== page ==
And to me, that seems - frankly, that seems to be a misreading of historical currents. It's not just people on the streets whose tenor has changed. It's an entire political order, starting with eroding support from the White House and eroding support from the military, all the way down to a suddenly energized, massive popular uprising in his own country.
So all those things, to me, signal really root changes in Egypt's political dynamics that won't go away, even if the protests eventually stop.
GROSS: You've written: When an authoritarian state collapses, it's wise to watch players with existing capacity. It's even wiser to recall that all bets are off. What do you mean by that?
Mr. CAMBANIS: Well, the way we understand the Arab world has just been turned on its head in the last month or so. And everything that the experts say and everything that really the activists and actors and politicians have taken for granted for a generation, at least, is really off the table because what's been happening - first in Lebanon and then in Tunisia and now in Egypt and who knows further afield - suggests that new forces have been unleashed, and we have no idea where they might lead and what new dynamics they might create.
GROSS: Just as some context and background, let's look at some of the players in Egypt now, starting with the military. What are your impressions of the military from having talked to retired and current military leaders in Egypt?
Mr. CAMBANIS: It's - beyond the ruling regime's party, it's the only intact, strong civil society institution that remains. I mean, understand that for three decades at least, and maybe even further back, Egypt's rulers have intentionally and steadily tried to corrode any civil society institution and weaken it because they want no challenges to power. That applies to labor unions. That applies to political parties, even these student groups, anything.
The only institution allowed some autonomy and some independent power from the regime has been the military, and that's for obvious reasons. In a military dictatorship that's a police state, you have to have a dynamic and powerful military. But that means it's also - it's the one institution that can possibly survive a collapse of the current, you know, of one regime and remain powerful into the next.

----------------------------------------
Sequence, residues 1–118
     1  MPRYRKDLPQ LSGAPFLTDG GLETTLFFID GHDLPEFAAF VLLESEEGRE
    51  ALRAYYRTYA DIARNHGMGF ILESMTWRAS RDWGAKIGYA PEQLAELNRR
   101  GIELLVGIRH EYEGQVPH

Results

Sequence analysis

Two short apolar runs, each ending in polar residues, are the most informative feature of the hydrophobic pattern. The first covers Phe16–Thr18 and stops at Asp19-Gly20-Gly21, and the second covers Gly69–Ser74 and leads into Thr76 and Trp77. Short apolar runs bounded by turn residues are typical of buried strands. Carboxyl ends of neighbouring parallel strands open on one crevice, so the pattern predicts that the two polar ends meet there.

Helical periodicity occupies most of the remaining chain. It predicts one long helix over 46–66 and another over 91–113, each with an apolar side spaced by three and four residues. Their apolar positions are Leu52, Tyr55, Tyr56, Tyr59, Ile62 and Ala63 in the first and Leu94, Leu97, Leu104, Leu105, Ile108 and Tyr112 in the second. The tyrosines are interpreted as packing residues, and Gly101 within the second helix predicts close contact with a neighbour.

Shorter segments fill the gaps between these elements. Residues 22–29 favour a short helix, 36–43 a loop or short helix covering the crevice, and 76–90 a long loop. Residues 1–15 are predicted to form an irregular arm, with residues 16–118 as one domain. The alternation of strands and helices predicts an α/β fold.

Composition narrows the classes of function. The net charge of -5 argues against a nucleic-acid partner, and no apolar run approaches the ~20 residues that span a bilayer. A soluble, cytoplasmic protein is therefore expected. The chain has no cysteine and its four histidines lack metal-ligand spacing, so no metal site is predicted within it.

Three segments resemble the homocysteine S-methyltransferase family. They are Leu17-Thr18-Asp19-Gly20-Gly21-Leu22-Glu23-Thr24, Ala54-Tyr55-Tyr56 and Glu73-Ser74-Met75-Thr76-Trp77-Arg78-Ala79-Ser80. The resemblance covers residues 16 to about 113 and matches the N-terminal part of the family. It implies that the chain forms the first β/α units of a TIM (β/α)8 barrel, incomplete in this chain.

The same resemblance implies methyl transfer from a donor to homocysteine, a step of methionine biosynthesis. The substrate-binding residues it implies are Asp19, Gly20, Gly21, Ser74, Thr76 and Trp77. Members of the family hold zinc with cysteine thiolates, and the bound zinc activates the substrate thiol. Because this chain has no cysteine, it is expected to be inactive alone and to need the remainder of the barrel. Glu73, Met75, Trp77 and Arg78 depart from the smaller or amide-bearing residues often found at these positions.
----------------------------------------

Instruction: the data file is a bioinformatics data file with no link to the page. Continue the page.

Now all that said, the military is still a cipher. I mean, there are a million or men-at-arms in the military, plus their families and their dependents. It's a huge society, and in Egypt, they not only control all the tanks and the artillery shells and the airplanes, but they also control water-bottling plants, resorts, entire neighborhoods for military people - huge, huge portions of the economy.
So they really a force unto themselves and a state of their own, and no one knows for sure, for example, how much Islamism thrives within the military. No one knows for sure how nationalist or secular the rank-and-file of the military are. And these are the kinds of blind spots that will become clear over I would guess a few months or a coming year, as we see what kind of political forces are really going to shape Egypt.
GROSS: Now, you say that the names of generals aren't published, nor is the military's size, which has been considered a state secret. Who's in the military in Egypt? Do you have to, like, qualify? Do you have to be connected in order to get in? Or are most men conscripted to join? How does it work?
Mr. CAMBANIS: It's a conscript military. So that means that every man serves, and I believe the service term is about one year. But that's the - those are the people who fill out the lower ranks of the army.
Now, the professional - there's still a professional cadre, and that's the number we don't know the size of. Presumably, it would be a few hundred thousand. These are people who, after their mandatory service, choose to make the military their career and ultimately would rise up through the officer ranks.
And from people - people who are in the professional that I've talked to and people who've been watching the professional military, they, too, have a very confused sense of what is the culture inside the military.
The United States has been a crucial trainer of the military. So we have a lot of Americans who have bunked, say, for a year with a unit of the Egyptian military in the Sinai. They work as liaison officers.